“Now is the time for a car that is exciting, responsive and fun. Now is the time for a car that rekindles the great tradition of British open top motoring. Now is the time for the Scimitar SST from Reliant.” Thus begins the epic sounding sales blurb in the Reliant SST catalogue; a bit melodramatic perhaps but I suppose that I would have to agree with them, on the first two counts at least. There is a noticeable lack of reasonably affordable good quality British sports cars on our roads at the moment. Cars that thirty years ago would have been open top two-seater sports cars are now plain Jane four-seaters with a hot engine under the bonnet. Whether it is quite the time for the Reliant SST to solve the problem is a claim probably subject to one or two reservations, and having had the 1400 version for a two week road test in France (thereby making a holiday moderately useful), I would say that one big reservation must be the engine, or more particularly the engine in its tsetse fly state of tune. My overall impression of the car is that it has a superb chassis, well finished and attractive bodywork, an indifferent interior and an engine that would have sand kicked in its face if engines had legs and went to beach parties. As it is it just gets out-accelerated at the lights.
It is true that Reliant do assemble a very quick version of this car with an 1809 cc turbocharged Nissan engine, and this sells for about £2500 more than the £11450 you need to buy the 1400. It is therefore clear that Reliant are aiming for a slightly different market with their 1400 version; a market not quite so preoccupied with ultimate performance, but more with low price (purchase, insurance and petrol) fun.
So they should be, for we need more of that type of car. But I do not really see any reason for providing it with quite such a gutless engine. The fun of a drophead sports car is slightly diminished if you get blown away by any old family saloon. You should at least be able to give them a run for their money; the exhaust should at least sound rorty and unrestricted, and you should be able to hear the eager hiss of two, if not four, carburettor trumpets. With the SST 1400 you have to remain content with the wind in your hair, and the superb roadholding. I think that for want of an uncompromising decision and a few hundred pounds Reliant are not doing justice to their 1400 SST.
While most sports car engines have something of a power band this one seemed to have more of an elastic band. Eager to find out why I was not being pinned to the back of my seat with quite the ferocity I had hoped for, I opened the bonnet to see what was what. A casual glance revealed what must be half the problem: a big plastic cowpat of an air filter, with an intake tube of a diameter only slightly greater than that of a drinking straw. This sits above a single carburettor, and an intake manifold with more angles in it than a dodecahedron. The exhaust side of the equation is not much better, the four into one that is fitted being far from any thing one might call free-flow. It all struck me as being rather similar to MGBs and MG Midgets; cars equally gutless in their day, but now generally praised for being very responsive to tuning. The same must surely be true of the Reliant, and I would by no means suggest writing it off just because of its poor performance. Its 1400 cc engine with an overhead camshaft and a compression ratio of 9.5:1 could easily be coaxed into producing more than its current 75 bhp. It is all relatively simple under the bonnet, and some well balanced home tuning would make a world a difference. A more generous carburettor and a better exhaust would be a start, and one could also work on the cylinder head to a certain extent. All this would cost only a modest amount, and should provide one with a much revived motor car, with at least enough poke to take advantage of the superb chassis.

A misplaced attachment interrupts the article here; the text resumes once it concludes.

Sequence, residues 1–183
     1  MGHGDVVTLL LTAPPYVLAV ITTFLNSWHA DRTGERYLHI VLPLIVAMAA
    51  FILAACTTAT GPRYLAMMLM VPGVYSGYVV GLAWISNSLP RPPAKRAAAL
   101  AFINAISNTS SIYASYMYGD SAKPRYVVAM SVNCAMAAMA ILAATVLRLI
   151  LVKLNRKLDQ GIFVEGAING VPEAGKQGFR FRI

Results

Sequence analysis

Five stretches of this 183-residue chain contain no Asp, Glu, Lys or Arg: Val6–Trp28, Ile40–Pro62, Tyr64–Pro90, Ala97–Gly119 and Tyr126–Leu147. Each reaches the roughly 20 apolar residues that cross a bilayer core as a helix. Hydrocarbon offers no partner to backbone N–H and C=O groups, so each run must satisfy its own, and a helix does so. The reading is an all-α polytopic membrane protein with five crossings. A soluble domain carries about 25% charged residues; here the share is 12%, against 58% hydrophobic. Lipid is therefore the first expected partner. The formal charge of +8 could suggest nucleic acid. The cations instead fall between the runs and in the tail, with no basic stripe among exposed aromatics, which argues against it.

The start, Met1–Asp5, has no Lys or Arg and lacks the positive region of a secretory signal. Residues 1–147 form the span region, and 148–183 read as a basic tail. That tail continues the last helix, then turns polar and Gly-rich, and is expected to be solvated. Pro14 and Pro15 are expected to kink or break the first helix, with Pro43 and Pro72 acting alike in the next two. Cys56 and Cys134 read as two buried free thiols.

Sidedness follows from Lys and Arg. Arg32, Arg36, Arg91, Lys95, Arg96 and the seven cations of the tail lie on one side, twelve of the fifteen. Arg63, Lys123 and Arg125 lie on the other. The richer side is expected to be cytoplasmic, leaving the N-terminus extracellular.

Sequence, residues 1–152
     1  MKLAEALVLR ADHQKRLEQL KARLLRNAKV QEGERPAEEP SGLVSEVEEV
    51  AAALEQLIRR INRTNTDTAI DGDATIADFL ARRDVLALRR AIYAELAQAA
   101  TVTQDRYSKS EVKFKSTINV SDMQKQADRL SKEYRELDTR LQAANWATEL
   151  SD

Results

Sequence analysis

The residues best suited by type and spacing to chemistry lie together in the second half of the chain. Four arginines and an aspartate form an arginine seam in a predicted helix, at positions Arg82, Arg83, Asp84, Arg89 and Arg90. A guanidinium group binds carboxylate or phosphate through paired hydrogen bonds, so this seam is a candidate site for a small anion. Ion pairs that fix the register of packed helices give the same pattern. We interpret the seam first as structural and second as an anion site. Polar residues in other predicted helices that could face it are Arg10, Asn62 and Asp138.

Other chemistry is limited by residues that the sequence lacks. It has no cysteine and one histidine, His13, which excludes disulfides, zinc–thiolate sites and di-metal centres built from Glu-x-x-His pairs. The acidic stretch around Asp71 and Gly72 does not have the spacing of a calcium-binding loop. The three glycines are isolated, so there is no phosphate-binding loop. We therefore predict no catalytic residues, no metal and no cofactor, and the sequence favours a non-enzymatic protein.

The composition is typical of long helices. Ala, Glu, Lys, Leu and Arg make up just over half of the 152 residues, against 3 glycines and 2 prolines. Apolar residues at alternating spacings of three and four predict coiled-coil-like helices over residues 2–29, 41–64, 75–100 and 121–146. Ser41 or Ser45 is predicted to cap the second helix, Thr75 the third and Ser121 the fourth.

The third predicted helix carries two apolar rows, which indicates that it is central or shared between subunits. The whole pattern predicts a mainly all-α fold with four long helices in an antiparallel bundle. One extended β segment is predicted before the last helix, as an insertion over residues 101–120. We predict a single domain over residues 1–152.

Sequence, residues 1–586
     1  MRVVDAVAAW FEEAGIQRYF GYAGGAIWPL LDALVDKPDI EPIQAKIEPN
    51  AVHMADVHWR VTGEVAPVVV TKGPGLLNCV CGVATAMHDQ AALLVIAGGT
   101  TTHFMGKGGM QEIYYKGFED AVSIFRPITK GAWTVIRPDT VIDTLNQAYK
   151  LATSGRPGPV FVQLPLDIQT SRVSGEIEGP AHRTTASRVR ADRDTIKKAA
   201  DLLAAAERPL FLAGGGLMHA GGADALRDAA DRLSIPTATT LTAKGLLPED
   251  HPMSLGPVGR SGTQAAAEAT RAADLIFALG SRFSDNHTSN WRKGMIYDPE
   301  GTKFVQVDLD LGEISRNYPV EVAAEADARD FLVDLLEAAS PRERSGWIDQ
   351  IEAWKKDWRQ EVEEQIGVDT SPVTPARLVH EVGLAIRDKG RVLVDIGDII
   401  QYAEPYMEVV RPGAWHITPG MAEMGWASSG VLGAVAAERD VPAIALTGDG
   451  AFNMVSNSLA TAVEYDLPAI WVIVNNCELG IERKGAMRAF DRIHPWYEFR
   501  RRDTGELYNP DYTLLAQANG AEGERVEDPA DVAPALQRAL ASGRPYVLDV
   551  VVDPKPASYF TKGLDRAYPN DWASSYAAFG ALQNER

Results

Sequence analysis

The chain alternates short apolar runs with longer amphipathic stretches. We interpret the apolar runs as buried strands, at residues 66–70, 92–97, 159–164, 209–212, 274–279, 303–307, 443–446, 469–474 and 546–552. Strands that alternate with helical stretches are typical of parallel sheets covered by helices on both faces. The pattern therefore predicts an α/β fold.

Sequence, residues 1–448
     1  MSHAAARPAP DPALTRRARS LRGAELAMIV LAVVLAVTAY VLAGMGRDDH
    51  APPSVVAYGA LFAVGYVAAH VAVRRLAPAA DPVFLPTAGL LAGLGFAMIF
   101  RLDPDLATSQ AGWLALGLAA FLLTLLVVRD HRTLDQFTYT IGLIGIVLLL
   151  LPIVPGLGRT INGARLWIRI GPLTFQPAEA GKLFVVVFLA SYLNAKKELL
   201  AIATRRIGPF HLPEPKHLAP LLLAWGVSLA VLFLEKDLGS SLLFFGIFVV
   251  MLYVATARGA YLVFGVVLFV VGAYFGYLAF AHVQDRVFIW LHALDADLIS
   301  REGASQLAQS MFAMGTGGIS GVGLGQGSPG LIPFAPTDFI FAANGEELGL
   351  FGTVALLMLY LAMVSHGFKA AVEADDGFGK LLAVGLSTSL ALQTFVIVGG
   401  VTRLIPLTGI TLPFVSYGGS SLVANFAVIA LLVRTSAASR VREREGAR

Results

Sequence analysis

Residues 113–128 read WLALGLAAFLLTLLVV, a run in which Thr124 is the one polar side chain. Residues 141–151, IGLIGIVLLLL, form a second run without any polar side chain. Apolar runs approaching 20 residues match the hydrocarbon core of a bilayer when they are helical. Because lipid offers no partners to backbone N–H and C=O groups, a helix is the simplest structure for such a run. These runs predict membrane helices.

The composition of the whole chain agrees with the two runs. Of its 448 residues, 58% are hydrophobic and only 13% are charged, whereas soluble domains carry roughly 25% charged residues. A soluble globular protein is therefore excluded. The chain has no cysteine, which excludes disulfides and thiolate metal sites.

With the car in its present state driving quickly is a case of maintaining as constant a speed as possible. One does not so much accelerate as gain interest on one’s current velocity, and so it is important to take the corners as smoothly as possible so as not to scrub off speed. The relative lack of power and the agility of the car are such that the brakes are not used excessively, but they are smooth, progressive and well balanced and always inspire one with confidence. The car handles extremely well, but more power from the engine could only improve this; the car’s attitude in cornering would then become that much more malleable, and any trace of the slightly inherent understeer could then be wiped away with a quick flex of the go-faster pedal.